TAMPA -- When the Washington Capitals advanced past the Columbus Blue Jackets in the first round of the Eastern Conference playoffs, forward T.J. Oshie was asked how this postseason was going to be different from the past. The Capitals were slotted to face the Pittsburgh Penguins, whom they couldn't beat, in the conference semifinals, from which they couldn't advance.
Oshie, with confidence, said it would be different because this wasn't the same Capitals team.
"Defensively, we're more aware of the correct reads. Defensively, we're a little more responsible," he said. "I think in years past, our lineup was pretty stacked. It seemed like we kinda got away with good players making [bad] reads."
Through two rounds, Oshie seems prophetic. The Capitals have a 2.62 goals-against average in the playoffs, but their shots-against per game average has dropped from 31.9 in the regular season to 29.4 in the playoffs, the lowest for any of the final four teams. That was evident in a Game 1 win over the Tampa Bay Lightning in the Eastern Conference finals: The Capitals limited a team that was averaging more than 32 shots per game to just 21 in a 4-2 victory. The Capitals allowed 35 in Game 2 but won 6-2.
"A little bit of that is the playoffs. Everyone's more detailed," coach Barry Trotz said.
But a lot of it has to do with the Capitals' renewed commitment to defensive hockey, which was established near the end of the season. It was born out of necessity: doing what's necessary to win in the playoffs and doing what's necessary to compensate for the limitations of the lineup.
Oshie said there were pivotal meetings internally with players and coaches in the days leading up to the playoffs, and those happened to coincide with one particular regular-season game. Although he didn't specify a date, many have pointed to the April 1 game against the Penguins as the catalyst. The results weren't immediate, as the Penguins had 37 shots on goal, but they were promising, as only eight of the Pens' 22 even-strength chances were high-danger scoring opportunities. Most importantly, the Capitals won 3-1 for further proof of concept.
"It was structural," Oshie said. "The coaches sat down in a team meeting. We had a game one day, and we did a better job that game, and we sat down, and we revisited it. It's been a focus in all our meetings. It was something that was very necessary."
What changed, in particular?
The Capitals started disrupting more scoring chances -- by any means necessary. Sticks. Skates. Bodies. If a puck were going to be delivered to their net, it wasn't going to have an uninterrupted journey. If a pass were going to be sent, its path wouldn't be clean. It's ensuring that goalie Braden Holtby, who has been quite good through two rounds and one game, is the last line of defense rather than the only line of defense.
"We sat down, and we really focused on our D-zone and really focused on what we have to do to succeed," Oshie said. "A lot of guys take some pretty tough shots, and it doesn't feel good when you take that shot off the foot or a bad spot. But guys are doing it. And guys are taking pride in doing it. It's ingrained in us."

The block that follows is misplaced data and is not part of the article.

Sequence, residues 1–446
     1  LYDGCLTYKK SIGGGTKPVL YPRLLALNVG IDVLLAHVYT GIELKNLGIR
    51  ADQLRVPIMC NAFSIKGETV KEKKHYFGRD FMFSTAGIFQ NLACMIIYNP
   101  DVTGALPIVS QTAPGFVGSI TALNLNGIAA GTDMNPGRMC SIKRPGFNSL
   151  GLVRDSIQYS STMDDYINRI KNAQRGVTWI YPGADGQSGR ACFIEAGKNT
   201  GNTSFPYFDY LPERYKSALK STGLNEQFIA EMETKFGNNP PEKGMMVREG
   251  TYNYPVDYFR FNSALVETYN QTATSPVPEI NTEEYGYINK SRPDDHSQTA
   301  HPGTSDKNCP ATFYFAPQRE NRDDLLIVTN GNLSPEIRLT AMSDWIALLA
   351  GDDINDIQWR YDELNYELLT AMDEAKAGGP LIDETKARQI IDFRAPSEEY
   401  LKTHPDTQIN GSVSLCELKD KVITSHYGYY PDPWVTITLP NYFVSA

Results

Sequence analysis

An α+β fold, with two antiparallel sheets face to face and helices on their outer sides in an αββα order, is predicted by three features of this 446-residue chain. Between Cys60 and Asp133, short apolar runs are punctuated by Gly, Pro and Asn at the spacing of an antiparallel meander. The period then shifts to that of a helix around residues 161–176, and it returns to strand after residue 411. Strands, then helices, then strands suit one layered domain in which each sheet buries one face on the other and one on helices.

The numbers show it. The Capitals are blocking 17.8 shots per game this postseason, up from 16.0 in the 2017 playoffs and 16.1 in 2016.
"That will and that sacrifice are becoming the standard right now," Oshie said. "We gotta keep that as our core way of playing."
The standards had to change because the old mindset had proven inefficient in the playoffs.
"Last year, we had the mindset that we were going to find a way to score three or four or five goals," center Lars Eller said. "This year, we've been a little bit more aware of what it was going to take to be successful."
It's indisputable that the Capitals entered the season with diminished expectations and one of their thinnest offensive groups of the Alex Ovechkin era. They'd be the first ones to confirm that. This wasn't a team that could roll over the opposition offensively. Things had to be different, and different turned out to be generating offense from a defensive commitment.
"It's been building all year, playing the right way, figuring it out," center Jay Beagle said. "With every team it's different, system-wise and personnel-wise. A lot of us said we were finding it at the right time this year. Instead of finding it in December like we did in previous years, almost peaking too early, this year we were building all year to the playoffs."
The playoffs have seen the Capitals get offensive through odd-man rushes that were generated by good defense, especially in the Pittsburgh series.
"We're learning, on the backcheck, that the quicker we get back and the harder we get back, the more pucks we're going to turn over. And that turns into offense," Oshie said. "It always feels like if there's a shot block, [there are] three [opposing] forwards going to the net thinking they're going to get a tip. When that shot doesn't get there, you're on the other side of the puck. It's creating offense for us. But we have to put in the effort -- sacrificing the body."
The Capitals aren't a defensive juggernaut. To a man, they expect the Lightning to come back in the series after lackluster outings in the first two games.
"It was one of those games where we know there's some areas that we want to improve on," Steven Stamkos of the Lightning said after Game 1. "Trying to get to the neutral zone and make smarter decisions with the puck and just come up the ice with more speed. That was something that I think when we did it, we had some chances off the rush and establishing zone time, so we'll look to do that."
The Capitals will look to restrict them from doing so.
"Guy after guy, lines after line, we're playing the same way," Oshie said. "We've got everyone playing the same way, making sacrifices and chipping in throughout our four lines. With our depth and our goaltending, it's going to be hard to beat us when we're playing that way."